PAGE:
A decade after the Dallas City Council passed an ordinance banning anti-LGBT discrimination, Alan Rodriguez’s pending complaint against the Tom Landry Fitness Center could serve as a test of the law’s effectiveness — and become the 1st case prosecuted out of 59 that have been filed
Alan Rodriguez has all but lost faith in the city of Dallas’ nondiscrimination ordinance after his case filed last year has yet to be resolved.
Rodriguez filed a complaint in February 2011 against Tom Landry Fitness Center in East Dallas after the gym refused to sell him and his partner of 10 years a family membership because they are a same-sex couple.
The gym, owned by Baylor Health Care System, claims its is a private religious organization and not a public accommodation, he said. Rodriguez — and LGBT legal experts — disagree.
“I think it’s pretty black and white in my case. The intent of the law is to not allow that kind of discrimination to occur,” Rodriguez said. “It is clear by the way that Baylor’s acting that while there’s a clear intent to the law, that they feel they can legally maneuver around it.”
Jennifer Coleman, the Baylor Health Care System’s senior vice president for consumer affairs, declined comment this week because the case is still open. Coleman told Dallas Voice last year that Baylor planned to review its family membership policy in response to Rodriguez’s complaint.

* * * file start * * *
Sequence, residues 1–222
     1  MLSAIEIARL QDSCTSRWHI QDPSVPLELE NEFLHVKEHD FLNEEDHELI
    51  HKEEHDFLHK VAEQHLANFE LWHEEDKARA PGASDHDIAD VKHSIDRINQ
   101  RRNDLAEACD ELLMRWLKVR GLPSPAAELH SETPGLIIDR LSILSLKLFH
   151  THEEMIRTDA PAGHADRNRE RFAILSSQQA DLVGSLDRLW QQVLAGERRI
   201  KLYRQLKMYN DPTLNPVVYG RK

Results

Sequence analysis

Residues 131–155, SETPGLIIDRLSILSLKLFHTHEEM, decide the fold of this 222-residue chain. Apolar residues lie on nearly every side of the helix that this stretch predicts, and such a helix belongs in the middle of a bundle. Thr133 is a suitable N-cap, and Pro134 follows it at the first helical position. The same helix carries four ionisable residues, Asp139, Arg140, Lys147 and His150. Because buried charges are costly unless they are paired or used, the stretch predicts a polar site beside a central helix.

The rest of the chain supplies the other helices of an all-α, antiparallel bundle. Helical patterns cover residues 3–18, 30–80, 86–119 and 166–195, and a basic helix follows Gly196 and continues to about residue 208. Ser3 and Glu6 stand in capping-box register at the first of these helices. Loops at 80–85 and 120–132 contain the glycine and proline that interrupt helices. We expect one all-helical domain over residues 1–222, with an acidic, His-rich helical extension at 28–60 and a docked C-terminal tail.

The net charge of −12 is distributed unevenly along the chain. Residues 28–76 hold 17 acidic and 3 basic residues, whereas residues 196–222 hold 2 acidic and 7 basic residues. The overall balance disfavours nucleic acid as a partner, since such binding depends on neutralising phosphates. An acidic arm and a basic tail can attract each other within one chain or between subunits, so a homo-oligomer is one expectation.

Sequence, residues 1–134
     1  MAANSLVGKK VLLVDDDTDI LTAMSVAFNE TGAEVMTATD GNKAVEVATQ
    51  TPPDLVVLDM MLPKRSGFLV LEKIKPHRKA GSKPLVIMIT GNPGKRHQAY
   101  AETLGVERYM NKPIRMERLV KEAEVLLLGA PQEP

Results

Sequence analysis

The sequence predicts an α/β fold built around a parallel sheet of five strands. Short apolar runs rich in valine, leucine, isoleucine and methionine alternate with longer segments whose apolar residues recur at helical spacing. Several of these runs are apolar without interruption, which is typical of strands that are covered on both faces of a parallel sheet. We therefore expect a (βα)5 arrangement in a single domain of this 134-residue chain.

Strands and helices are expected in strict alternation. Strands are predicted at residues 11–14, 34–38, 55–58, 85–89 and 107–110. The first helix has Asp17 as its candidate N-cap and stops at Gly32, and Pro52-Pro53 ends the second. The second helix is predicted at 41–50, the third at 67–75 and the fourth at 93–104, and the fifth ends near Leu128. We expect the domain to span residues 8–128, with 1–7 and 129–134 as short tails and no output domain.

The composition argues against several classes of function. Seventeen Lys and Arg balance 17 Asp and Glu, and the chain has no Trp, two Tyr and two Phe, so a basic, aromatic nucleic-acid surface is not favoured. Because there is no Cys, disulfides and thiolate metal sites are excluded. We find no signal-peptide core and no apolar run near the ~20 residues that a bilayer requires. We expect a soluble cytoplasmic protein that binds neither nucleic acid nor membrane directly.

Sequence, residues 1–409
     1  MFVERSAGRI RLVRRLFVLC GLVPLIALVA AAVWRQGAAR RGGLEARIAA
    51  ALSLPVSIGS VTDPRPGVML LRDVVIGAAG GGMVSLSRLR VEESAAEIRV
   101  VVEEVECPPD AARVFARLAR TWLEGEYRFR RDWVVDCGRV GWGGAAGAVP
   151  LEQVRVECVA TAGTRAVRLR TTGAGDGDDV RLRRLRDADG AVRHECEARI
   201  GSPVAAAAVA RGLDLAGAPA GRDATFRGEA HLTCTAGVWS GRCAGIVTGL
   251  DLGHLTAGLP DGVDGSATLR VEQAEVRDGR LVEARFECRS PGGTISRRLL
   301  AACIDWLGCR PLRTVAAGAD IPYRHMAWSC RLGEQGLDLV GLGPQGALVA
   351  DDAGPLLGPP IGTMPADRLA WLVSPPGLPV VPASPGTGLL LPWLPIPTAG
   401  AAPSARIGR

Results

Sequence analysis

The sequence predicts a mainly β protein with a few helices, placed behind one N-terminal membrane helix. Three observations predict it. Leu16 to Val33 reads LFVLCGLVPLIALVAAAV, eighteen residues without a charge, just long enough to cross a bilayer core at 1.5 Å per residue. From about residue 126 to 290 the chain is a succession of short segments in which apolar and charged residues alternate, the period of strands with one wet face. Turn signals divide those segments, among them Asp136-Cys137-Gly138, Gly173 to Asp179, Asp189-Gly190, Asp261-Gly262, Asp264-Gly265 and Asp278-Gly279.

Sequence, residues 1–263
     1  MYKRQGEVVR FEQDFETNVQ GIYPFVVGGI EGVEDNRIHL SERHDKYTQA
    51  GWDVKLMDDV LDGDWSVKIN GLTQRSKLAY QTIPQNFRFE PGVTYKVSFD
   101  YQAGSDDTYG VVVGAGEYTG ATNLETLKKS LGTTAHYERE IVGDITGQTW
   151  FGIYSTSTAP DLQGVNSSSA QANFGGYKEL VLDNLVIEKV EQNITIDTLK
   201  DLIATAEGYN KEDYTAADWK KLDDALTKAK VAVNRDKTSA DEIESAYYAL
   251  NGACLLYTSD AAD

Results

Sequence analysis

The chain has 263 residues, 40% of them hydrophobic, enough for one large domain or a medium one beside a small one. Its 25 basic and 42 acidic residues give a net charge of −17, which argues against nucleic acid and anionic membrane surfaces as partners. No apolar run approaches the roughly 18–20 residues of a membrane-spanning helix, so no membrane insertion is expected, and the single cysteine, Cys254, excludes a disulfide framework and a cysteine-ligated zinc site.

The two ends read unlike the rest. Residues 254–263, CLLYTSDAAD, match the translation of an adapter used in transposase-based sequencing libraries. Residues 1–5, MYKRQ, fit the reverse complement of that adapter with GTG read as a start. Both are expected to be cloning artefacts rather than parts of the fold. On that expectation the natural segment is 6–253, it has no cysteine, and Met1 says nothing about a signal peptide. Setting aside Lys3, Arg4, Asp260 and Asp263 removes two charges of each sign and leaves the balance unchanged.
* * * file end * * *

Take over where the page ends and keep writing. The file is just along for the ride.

“We’re going to look and see about that policy, what it says, and then I’m not sure what we’re going to do next,” Coleman said. “I can’t commit to changing it, because that’s not a decision for me to make, but something for us to look into. It’s unfortunate that this thing came up this way, but I can commit [that] we’ll sure look into it.”
The Dallas City Council passed the ordinance, which turns 10 this year, in May 2002, making it a class-C misdemeanor to discriminate in housing, employment and public accommodations on the basis of sexual orientation. Gender identity is included in the definition of sexual orientation. Religious organizations and government entities are exempt.
Over the last decade, 59 complaints have been filed through the Dallas Fair Housing Office alleging discrimination based on sexual orientation. But not one has been prosecuted by the city in municipal court.
The 59 complaints have resulted in 37 dismissals for “no cause,” meaning there wasn’t enough evidence to prove discrimination occurred, Fair Housing Office Assistant Director Beverly Davis said.
Five of the 59 cases have been resolved through outside settlement, while another five were reconciled through the housing office or city attorney’s work. Another six were dismissed because of jurisdiction, and four dismissed due to uncooperative complainants. There are currently two open cases, including Rodriguez’s.